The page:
The Maryland House of Delegates will lose one of the chamber’s more vocal veteran members at the end of this term.

Del. Emmett C. Burns (D-Baltimore County), announced July 8 that he will not be seeking a fifth term in Annapolis.

The Jackson, Miss., native has been active in government since 1995, and has seen more than his share of accomplishments and controversy.

“I have no intentions to run for an elected office ever again,” Burns told the AFRO. “After 20 years I think that’s enough. I have accomplished all there is all to accomplish.”

Born Aug. 26, 1940 to Emmett and Clara Burns, a minister and a school-teaching seamstress, the delegate is the second eldest of four boys.

Burns earned his degree from Jackson State University in 1962, followed by a Masters of Divinity in 1968 from Virginia Union University. He completed his doctoral coursework at the University of Pittsburgh in 1974, before serving three years in the U.S. Air Force and rising to the rank of captain.

As pastor and founder of the Rising Sun First Baptist Church in Woodlawn, Burns is also a member of the United Baptist Convention and chair of the organization’s Social Action Committee. He succeeded Medgar Evers as head of Mississippi’s NAACP operation.

The 72-year-old was a key player on several different House of Delegates committees and was deputy majority whip from 2003 to 2007. Burns was also a member of the Joint Committee on Unemployment Insurance Oversight in 2011, and played a key role in changing regulations to protect constituents from losing their insurance without notice.

“I’ve been his seatmate for 19 years,” said Del. Shirley Nathan-Pulliam.

“I will personally miss him because I’m so used to sitting next to him and conversing with him.”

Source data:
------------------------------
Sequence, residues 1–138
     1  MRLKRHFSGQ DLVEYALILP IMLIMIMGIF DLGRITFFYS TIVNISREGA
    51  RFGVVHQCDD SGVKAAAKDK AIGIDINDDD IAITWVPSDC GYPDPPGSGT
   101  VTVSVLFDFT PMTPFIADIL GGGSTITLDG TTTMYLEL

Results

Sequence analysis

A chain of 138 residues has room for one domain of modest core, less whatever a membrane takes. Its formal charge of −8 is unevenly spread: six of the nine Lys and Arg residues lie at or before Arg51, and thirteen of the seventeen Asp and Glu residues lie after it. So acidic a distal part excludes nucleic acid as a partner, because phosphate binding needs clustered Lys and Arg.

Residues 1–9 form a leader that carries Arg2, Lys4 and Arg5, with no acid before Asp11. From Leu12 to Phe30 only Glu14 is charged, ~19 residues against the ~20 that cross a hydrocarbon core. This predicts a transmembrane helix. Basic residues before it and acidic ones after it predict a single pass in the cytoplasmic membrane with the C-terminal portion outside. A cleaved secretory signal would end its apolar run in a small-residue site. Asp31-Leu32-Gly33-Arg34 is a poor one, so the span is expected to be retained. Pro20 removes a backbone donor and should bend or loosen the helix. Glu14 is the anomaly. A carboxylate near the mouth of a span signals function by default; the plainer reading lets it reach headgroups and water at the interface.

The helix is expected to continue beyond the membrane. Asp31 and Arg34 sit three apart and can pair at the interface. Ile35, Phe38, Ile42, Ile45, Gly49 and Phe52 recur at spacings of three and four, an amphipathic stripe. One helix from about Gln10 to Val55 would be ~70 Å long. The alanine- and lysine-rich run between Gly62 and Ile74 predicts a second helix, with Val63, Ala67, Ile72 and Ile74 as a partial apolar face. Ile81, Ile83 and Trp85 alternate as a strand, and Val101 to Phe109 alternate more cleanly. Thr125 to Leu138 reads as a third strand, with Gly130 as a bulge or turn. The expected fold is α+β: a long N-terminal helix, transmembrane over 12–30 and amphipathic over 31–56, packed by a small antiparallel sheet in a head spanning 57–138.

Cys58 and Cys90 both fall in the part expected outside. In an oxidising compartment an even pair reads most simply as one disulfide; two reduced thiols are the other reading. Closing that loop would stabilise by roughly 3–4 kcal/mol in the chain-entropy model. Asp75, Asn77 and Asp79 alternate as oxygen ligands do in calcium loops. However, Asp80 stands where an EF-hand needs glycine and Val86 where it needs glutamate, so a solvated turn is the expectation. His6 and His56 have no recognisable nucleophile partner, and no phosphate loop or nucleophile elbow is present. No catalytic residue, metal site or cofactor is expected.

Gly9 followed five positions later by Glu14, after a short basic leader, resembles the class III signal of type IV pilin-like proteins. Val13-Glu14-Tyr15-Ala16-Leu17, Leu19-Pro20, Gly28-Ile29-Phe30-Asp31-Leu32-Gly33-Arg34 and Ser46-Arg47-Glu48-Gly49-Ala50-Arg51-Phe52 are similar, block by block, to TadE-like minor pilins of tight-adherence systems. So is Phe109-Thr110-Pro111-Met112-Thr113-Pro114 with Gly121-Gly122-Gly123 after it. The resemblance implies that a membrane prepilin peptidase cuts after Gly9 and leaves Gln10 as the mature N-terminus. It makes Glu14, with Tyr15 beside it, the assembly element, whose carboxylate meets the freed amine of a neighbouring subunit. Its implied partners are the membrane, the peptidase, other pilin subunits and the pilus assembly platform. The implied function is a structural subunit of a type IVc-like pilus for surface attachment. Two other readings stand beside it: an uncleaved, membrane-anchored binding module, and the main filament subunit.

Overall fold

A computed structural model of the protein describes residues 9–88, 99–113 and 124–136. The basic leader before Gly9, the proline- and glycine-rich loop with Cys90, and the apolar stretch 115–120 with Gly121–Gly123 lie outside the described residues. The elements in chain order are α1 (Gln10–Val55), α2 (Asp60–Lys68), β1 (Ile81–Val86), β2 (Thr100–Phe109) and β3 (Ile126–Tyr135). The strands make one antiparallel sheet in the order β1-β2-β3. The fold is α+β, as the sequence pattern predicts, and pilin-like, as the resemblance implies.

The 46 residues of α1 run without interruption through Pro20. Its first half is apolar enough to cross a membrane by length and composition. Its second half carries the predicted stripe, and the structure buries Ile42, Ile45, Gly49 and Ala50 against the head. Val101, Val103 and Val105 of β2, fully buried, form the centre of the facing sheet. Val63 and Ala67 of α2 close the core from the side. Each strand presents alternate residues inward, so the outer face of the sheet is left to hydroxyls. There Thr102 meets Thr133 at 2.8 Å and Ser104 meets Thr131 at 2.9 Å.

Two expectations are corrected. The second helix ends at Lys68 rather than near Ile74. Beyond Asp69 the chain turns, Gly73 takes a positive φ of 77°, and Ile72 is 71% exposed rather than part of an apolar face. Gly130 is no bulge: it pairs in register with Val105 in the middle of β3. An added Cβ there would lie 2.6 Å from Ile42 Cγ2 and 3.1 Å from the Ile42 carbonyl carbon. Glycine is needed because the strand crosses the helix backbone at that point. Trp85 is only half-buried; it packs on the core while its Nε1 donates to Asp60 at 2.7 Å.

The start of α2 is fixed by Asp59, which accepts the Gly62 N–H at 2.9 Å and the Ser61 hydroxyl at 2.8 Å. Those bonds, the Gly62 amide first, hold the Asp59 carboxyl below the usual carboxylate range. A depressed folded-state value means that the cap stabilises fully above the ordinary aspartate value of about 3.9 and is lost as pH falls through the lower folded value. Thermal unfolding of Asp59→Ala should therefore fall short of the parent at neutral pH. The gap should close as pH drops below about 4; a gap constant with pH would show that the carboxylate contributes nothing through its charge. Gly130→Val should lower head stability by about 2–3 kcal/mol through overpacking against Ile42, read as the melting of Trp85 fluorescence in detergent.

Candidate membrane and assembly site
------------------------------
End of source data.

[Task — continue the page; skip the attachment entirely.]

During his time in the statehouse, Burns has often been the source of verbal fireworks over sexual preference. In 2012, the legislator said he opposed President Obama’s support of same-sex marriage and would abstain from voting for any presidential candidate who endorsed gay or lesbian marriages.

He also made headlines when he scolded Ravens’ franchise owners Steve Bisciotti, for allowing linebacker Brendon Ayanbadejo to speak publicly as a proponent for same-sex marriage.

Still, the Burns said nothing has shaken his resolve or his beliefs.

“I am unalterably opposed to same sex marriage,” he said, adding that when it came to angry LGBT supporters he was “more afraid of those folk” than when he was the dealing with the “Ku Klux Klan in Mississippi.”

Burns will remain active in politics through the Northwest-Catonsville Democratic Club, of which he is president.

When asked about what’s next in his life, the father of three sons, said he plans to indulge in “family, travel, writings, pasturing, and enjoying life,” because it was never his plan to die in office.


Alexis Taylor

AFRO Staff Writer